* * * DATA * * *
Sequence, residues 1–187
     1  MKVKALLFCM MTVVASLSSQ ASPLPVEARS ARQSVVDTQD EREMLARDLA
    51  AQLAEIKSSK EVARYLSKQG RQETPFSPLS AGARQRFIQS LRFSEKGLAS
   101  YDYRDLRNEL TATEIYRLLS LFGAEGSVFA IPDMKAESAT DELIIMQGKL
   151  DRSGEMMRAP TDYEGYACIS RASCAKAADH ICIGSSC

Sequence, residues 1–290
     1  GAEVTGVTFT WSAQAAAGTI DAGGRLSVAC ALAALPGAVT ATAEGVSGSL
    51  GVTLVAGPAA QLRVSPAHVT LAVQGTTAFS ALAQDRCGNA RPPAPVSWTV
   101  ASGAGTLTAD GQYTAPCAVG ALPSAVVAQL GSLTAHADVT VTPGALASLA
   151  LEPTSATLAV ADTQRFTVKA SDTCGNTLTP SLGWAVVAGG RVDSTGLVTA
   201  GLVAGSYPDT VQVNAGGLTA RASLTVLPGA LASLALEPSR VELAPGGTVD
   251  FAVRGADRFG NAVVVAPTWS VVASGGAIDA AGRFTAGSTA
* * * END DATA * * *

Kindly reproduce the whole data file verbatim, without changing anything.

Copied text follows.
Sequence, residues 1–187
     1  MKVKALLFCM MTVVASLSSQ ASPLPVEARS ARQSVVDTQD EREMLARDLA
    51  AQLAEIKSSK EVARYLSKQG RQETPFSPLS AGARQRFIQS LRFSEKGLAS
   101  YDYRDLRNEL TATEIYRLLS LFGAEGSVFA IPDMKAESAT DELIIMQGKL
   151  DRSGEMMRAP TDYEGYACIS RASCAKAADH ICIGSSC

Sequence, residues 1–290
     1  GAEVTGVTFT WSAQAAAGTI DAGGRLSVAC ALAALPGAVT ATAEGVSGSL
    51  GVTLVAGPAA QLRVSPAHVT LAVQGTTAFS ALAQDRCGNA RPPAPVSWTV
   101  ASGAGTLTAD GQYTAPCAVG ALPSAVVAQL GSLTAHADVT VTPGALASLA
   151  LEPTSATLAV ADTQRFTVKA SDTCGNTLTP SLGWAVVAGG RVDSTGLVTA
   201  GLVAGSYPDT VQVNAGGLTA RASLTVLPGA LASLALEPSR VELAPGGTVD
   251  FAVRGADRFG NAVVVAPTWS VVASGGAIDA AGRFTAGSTA